Please welcome guest blogger and friend, Lisa. Lisa is a full time mom and wife, part time Marketing and Public Affairs professional, part time beer and wine drinker and full time funny friend. She strikes a great balance where it matters most, so if her Christmas card comes late…or… **cough**…never…we’ll give her a pass this year! In her free time, Lisa enjoys relaxing drives on Route 128, hawking Girl Scout cookies, and working the crowd in the preschool pick up line. Wait, that sounds wrong. Never mind. She’s funny…read her post! Oh, and I hope your holiday cards are in the mail!
Is December 23rd too late to mail your Christmas Cards?
Some of my cards, and I reiterate SOME, went in the mail this morning.
I dropped them off in the industrial sized mailbox, shut the lid with eyes closed, purposely avoiding any sight of the posted daily pick up time, and walked away with a stern – there’s your holiday cheer – ho, ho, ho!!
Christmas comes at the same time EVERY year. Same date even. No fluctuation like Easter or school vacation. It’s 12/25 year after year. So why is it that Christmas cards seem to be one of the last-minute stress factors of the season EVERY year? And EVERY year you tell yourself that next year (at the same time, of course) that you’ll be more organized.
You’ll get that family portrait taken.
You’ll make the cards early and have the envelopes address and stamped BEFORE Thanksgiving even.
And every year, the cards start pouring in and instead of feeling the holiday joy — you feel panic– complete and utter panic. I have to do these cards NOW. And they have to be good – really creative and fun!
My husband senses the panic and calmly says, “Just find a great family photo–we must have something we can use.”
Of course, all of your photos from the past year are either still in the camera or hidden somewhere on the computer. And you hear your mother’s nagging voice that pops up at every family function.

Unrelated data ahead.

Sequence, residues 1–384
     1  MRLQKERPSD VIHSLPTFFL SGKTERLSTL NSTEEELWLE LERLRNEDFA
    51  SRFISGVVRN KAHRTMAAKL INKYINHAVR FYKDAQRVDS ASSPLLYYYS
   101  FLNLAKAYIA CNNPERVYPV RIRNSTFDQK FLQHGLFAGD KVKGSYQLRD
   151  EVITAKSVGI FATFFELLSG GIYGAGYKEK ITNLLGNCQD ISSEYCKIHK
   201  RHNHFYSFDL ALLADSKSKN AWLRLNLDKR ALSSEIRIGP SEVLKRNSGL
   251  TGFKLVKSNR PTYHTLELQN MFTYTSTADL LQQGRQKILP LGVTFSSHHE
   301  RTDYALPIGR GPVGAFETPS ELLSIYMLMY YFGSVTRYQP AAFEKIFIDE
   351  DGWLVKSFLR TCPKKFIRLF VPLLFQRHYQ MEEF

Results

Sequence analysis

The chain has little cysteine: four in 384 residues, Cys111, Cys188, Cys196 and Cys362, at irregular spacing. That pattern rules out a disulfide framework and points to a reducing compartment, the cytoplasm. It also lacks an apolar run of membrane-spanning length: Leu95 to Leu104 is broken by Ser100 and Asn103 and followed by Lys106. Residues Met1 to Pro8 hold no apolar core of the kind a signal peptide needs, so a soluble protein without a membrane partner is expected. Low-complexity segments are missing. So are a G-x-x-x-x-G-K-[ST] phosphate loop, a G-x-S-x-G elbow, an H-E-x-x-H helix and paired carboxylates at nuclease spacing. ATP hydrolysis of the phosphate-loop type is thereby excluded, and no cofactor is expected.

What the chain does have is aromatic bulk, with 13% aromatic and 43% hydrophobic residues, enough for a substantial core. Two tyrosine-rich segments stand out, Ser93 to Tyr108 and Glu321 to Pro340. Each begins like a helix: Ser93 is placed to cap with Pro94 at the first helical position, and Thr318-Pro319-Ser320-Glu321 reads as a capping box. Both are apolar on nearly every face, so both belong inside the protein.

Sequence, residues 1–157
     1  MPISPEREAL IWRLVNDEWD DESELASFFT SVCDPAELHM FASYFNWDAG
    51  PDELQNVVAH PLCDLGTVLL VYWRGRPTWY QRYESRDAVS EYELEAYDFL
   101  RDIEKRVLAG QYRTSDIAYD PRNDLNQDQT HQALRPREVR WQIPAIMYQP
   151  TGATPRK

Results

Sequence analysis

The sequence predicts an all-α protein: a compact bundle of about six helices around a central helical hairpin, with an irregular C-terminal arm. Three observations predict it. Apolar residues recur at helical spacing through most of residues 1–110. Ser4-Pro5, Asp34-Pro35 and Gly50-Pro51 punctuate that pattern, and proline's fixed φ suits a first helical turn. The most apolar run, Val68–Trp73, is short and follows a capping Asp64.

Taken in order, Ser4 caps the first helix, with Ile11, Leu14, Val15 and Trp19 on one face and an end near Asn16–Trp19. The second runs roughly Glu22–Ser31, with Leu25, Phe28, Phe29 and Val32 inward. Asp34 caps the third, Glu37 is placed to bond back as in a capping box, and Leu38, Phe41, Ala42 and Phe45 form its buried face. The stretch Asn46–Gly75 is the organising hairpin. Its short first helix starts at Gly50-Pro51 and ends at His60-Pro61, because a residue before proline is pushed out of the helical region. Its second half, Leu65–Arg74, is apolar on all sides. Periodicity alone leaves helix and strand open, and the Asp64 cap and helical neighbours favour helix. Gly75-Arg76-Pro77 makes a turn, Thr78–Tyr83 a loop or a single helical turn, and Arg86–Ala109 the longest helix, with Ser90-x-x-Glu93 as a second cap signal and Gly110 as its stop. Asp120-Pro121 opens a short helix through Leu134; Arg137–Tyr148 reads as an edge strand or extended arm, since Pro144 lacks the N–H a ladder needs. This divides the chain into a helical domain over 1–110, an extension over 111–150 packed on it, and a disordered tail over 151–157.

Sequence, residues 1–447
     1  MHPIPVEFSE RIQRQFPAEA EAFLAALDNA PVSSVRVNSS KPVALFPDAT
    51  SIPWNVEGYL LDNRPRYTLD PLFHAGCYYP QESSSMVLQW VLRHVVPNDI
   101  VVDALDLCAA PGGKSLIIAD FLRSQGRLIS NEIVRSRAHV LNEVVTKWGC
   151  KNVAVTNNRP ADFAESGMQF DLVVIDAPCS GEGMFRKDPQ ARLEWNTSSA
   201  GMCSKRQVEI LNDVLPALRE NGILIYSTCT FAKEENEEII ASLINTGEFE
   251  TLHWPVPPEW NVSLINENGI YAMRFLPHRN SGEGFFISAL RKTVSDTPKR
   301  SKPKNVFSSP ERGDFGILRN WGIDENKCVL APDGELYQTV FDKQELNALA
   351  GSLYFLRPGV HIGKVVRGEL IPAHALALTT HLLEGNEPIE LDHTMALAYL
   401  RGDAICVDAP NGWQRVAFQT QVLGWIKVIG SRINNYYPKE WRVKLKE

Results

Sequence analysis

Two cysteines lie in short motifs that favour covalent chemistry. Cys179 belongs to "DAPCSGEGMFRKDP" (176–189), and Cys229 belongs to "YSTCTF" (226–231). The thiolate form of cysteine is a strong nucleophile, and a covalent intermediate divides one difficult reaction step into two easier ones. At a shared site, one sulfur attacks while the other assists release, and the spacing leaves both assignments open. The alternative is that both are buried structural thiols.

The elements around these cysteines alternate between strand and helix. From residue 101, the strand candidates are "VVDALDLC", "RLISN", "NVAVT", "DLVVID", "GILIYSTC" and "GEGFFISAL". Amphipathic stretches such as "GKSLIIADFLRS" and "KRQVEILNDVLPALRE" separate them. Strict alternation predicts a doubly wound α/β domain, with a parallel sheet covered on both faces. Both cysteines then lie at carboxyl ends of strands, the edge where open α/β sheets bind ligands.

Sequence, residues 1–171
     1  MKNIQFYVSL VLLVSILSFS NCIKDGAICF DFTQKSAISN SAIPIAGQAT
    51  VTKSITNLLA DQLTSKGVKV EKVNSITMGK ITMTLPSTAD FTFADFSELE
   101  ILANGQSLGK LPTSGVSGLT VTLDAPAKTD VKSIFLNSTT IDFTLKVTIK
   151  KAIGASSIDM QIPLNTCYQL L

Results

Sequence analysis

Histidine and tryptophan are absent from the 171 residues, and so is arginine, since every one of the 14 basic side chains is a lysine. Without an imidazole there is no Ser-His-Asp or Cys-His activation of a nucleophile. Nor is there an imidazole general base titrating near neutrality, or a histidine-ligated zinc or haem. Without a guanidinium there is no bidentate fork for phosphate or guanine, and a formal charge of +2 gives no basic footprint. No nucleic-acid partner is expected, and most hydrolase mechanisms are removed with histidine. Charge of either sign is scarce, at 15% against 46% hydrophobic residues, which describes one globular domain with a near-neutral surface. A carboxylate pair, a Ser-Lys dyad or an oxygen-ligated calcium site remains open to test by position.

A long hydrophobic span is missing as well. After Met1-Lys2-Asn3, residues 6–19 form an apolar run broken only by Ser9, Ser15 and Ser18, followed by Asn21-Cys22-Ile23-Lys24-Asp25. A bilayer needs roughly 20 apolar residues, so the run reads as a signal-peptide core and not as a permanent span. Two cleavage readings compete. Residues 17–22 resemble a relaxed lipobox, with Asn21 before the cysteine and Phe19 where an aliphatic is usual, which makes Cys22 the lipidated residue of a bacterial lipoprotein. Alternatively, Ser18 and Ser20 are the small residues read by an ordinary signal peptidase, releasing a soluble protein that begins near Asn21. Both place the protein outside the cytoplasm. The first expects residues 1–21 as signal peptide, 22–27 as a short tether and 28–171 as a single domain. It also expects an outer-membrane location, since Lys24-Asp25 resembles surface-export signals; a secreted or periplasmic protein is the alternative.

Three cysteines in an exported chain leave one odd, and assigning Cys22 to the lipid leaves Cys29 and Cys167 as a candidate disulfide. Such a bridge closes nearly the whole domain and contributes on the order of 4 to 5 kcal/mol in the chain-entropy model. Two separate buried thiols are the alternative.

“Let me get a photo of the 4 of you together — it’ll make a great Christmas card.” Wink, wink.
So you spend a week digging through your digital photos only to realize that you don’t have a great shot and now you’ve just blown a week of precious holiday prep time with your nose buried in the computer, when you should have been decorating, shopping or doing something else that has been foolishly labeled ‘holiday fun’.
So you make an executive decision:
“We’re not doing Holiday Cards this year.”
There, I said it out loud. Decision made.
It’s December 15th and we’re just going to enjoy the holidays. Back to making those cute homemade gifts (’tis the season to be jolly).
And then the cards start pouring in.
Some of them are great — there’s our old neighbors, wow have their kids grown, and look, our college friends had a new baby –she’s just 2 weeks old and –oh!–they managed to get their professionally done cards out on time.
Others have some of the worst photos you’ve ever seen. So my husband says, at least.
“Come-on, we must have something we can throw on a card – and it’s be better than THAT (my cousin’s son kissing what appears to be their German Shepard wearing a reindeer headband?)
So you spend yet another few days digging through photos and come up with a brilliant idea:
“We’re going to make New Year’s Cards instead.”
There, I said it out loud. Decision made.
It’s December 20th and we’re just going to enjoy the holidays.
Back to last minute shopping (Joy to the world!)
New Years cards will be a nice change!
Isn’t it about wishing people well for the season and the whole new year anyway?(or should we just admit out loud that it’s a brag fest of “my kids are cuter than yours” vs. who has the better vacation photo vs. whose wife has gained the most weight and husband has lost the most hair?).
And the cards keep pouring in…..
“Look! It’s your mother’s second cousins from Charlotte – so nice that they always remember us. And his 87 year old godmother from Florida – she’s a spry one isn’t she!?”
And here comes the panic again!